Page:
Giorgos Katidis – Ignorance is not an excuse

Giorgos KatidisHe denied it and said he didn’t realise what a Nazi salute was, but is Giorgos Katidis’ supposed ignorance emblematic of the problems which exist in Greek society with regards to racism?

The AEK Athens midfielder performed the salute after scoring for his club against fellow Greek Super League side Veria at the weekend.

Captured on camera, the images of the 20-year-old with his left arm raised were spread across the internet within seconds.

Particularly poignant was the look on Katidis’ team-mate Roger Guerreiro’s face. Guerrerio is a black Brazilian who has represented Poland at international level thanks to the three years he spent with Legia Warsaw.

Equally aghast were Katidis’ Greek team-mates, although AEK’s German manager Ewald Lienen offered a more peculiar explanation. He supported his player, insisting he is apolitical and probably saw the salute “on the Internet or somewhere else, without knowing what it meant”. A strange comment from a man who was involved with West Germany’s peace movement during the 1980s. Lienen even took part in the Peace List, for which he was a candidate for the European elections in 1984.

Suspended by AEK, Katidis was also banned for life from the Greek national team; he had capped his country at under-19 level.

“I am not a fascist,” he said. “I hate fascism and I wouldn’t have done it if I knew it meant something like this. I know the consequences.”

He is not the first – and probably won’t be the last – footballer to be associated with racism. Paolo Di Canio and AC Milan goalkeeper Christian Abbiati have both spoken with pride about their fascist ideologies.

The Katidis controversy came on the same weekend that Greece marked the 70th anniversary of the deportation of its Jewish population.

Thousands of Greeks took to the streets of Thessaloniki, where the majority of Greek Jews lived, in remembrance of more than 50,000 Jews who lost their lives in Nazi concentration camps during the German Second World War occupation. Only around 1,000 Jews remain in the country.

Particularly worrying for them, as well as for every minority and every rational-thinking person in Greece, is the rise of a neo-fascist party in the shape of the Golden Dawn.

The austerity measures enacted in response to the Greek economic crisis have propelled the rise of right-wing politics.

The crisis has decimated its football clubs, especially AEK Athens and Panathinaikos.

AEK were on the verge of a financial disaster – relegation to the fourth division was threatened by the country’s FA – until a consortium of businessmen persuaded millionaire Greek-American Nikos Notias to buy the club.

Giannis Vardinogiannis relinquished control of Panathinaikos last summer to the Panathenian Alliance, who now run the club, with supporter Giannis Alafouzos as president.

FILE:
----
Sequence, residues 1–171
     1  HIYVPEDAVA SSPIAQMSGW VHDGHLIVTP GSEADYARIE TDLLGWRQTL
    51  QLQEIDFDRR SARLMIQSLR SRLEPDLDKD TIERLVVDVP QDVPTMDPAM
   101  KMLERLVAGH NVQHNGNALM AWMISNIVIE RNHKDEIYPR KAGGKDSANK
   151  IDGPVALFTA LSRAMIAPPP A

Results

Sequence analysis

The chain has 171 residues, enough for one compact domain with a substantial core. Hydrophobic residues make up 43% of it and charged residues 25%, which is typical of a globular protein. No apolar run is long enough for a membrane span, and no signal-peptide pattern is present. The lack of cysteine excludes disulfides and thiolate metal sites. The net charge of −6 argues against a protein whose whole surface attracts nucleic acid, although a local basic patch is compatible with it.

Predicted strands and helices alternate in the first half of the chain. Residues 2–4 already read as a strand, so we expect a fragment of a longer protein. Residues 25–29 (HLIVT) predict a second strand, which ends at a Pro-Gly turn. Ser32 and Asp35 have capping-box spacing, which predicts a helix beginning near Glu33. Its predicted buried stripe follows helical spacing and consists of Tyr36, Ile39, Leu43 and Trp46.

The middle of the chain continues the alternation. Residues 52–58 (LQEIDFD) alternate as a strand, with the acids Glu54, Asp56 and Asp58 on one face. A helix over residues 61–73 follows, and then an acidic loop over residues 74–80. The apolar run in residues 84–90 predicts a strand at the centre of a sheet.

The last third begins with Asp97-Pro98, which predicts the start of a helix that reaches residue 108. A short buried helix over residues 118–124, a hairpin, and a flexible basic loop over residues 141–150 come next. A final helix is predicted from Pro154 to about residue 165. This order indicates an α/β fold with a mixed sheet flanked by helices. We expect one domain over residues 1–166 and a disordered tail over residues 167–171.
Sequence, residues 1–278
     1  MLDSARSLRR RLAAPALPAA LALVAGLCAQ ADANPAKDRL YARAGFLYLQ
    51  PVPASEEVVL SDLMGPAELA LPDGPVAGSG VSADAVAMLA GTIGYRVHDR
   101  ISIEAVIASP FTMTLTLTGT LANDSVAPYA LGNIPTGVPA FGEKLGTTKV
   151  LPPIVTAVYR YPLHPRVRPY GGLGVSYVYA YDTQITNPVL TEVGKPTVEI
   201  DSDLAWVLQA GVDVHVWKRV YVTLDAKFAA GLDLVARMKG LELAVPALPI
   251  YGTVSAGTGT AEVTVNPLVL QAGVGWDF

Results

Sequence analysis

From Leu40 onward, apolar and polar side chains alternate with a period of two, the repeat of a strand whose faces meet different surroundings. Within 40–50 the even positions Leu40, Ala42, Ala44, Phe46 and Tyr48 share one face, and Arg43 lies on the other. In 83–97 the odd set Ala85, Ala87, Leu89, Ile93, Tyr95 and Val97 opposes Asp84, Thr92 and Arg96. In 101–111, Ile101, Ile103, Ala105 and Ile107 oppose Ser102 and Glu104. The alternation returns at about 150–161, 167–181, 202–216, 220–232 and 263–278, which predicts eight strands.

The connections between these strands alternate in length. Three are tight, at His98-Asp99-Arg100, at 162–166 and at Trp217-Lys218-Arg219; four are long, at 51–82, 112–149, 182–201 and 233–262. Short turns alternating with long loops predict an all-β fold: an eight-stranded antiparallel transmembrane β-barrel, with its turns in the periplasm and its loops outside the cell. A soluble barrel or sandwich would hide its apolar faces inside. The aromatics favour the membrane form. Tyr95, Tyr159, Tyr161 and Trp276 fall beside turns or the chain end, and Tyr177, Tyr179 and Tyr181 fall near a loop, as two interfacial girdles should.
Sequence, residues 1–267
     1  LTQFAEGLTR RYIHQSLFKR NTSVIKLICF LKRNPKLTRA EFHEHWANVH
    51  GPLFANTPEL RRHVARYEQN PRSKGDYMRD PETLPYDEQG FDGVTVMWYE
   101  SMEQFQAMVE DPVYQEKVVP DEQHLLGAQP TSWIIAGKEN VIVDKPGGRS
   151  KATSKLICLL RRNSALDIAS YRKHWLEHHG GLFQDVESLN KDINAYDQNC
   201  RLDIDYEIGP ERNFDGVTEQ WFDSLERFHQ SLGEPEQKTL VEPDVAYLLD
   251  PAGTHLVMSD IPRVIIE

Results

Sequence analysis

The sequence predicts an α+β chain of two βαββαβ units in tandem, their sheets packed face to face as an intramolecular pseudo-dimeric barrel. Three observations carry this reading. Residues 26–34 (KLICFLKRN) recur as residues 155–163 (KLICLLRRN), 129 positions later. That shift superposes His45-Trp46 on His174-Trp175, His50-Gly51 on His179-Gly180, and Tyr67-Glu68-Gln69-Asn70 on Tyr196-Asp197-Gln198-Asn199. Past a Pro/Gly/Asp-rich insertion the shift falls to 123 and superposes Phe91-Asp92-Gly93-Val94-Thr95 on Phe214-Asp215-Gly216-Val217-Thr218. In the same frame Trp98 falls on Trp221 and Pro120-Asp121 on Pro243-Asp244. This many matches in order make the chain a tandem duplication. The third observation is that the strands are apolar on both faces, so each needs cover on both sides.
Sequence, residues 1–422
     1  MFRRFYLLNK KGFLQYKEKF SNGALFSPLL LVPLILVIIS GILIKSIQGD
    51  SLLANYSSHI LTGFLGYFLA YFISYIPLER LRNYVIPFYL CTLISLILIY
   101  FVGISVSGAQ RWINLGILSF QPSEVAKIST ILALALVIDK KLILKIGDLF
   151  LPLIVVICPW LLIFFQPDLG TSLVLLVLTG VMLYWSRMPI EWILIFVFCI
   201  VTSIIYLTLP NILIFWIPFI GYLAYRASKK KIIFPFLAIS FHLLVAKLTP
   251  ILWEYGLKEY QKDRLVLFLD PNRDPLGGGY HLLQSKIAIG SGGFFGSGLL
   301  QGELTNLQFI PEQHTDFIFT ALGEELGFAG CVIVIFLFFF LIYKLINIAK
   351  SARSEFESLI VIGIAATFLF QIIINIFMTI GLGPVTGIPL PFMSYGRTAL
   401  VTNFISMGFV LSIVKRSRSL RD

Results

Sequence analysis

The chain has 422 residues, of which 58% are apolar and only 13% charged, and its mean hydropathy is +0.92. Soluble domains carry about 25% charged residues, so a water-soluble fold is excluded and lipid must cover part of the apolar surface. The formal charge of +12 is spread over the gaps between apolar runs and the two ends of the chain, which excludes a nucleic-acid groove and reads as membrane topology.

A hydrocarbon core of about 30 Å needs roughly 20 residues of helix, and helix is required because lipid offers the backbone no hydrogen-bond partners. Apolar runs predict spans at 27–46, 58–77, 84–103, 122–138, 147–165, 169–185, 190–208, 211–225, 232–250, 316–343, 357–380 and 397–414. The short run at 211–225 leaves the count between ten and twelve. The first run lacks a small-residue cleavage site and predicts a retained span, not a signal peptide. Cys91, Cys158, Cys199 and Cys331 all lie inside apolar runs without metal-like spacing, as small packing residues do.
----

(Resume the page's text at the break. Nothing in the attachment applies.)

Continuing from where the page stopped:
In Lienen, AEK are already on to their second manager this season. Fabricio Gonzalez became Panathinaikos’ third boss since November, following Jesualdo Ferreria and Juan Roman Rocha.

Even if he had known little about the Second World War, Katidis must have been aware of Golden Dawn’s appropriation of Nazi imagery, such as the swastika.

Its followers regularly performing the Nazi salute for the world to see. Its links with football hooliganism go back nearly 14 years.

During a game between Greece and Albania, Albanian fans burned a Greek flag – which led to a series of repercussions by Greek nationalists against foreigners in the country.

Pantelis Kazakos, a nationalist and Golden Dawn member, shot and killed two people and wounded seven others in an attack in Athens. Other members formed the hooligan firm Galazia Stratia (Blue Army). The firm carried out more attacks on immigrants, a notable case being after Albania beat Greece 2-1 in 2004. Violence erupted against Albanian immigrants in various parts of Greece and an Albanian was murdered in Zakynthos.

In last year’s national elections, Golden Dawn received seven per cent of the popular vote. It was enough for the party to enter parliament for the first time. In the build-up to the elections, Golden Dawn founder Nikolaos Michaloliakos performed the Nazi salute a number of times. It provoked outrage in Greece and around the world.

Unless Katidis was living in a hole, he would have read about it or seen it on television. It has been reported that he has retreated to Italy in a bid to escape the media in Greece. Perhaps he can sit back and think about the anger he has caused.

He should learn about what happened during the Second World War; Katidis should read about the Nazi occupation of his country. Then maybe he will admit what he did was terrible and help with the fight against racism in both football and in Greek society.

Unlike the bigoted Golden Dawn members, whose racism will probably never go away, Katidis still has time to change.

The Author

Simon Yaffe

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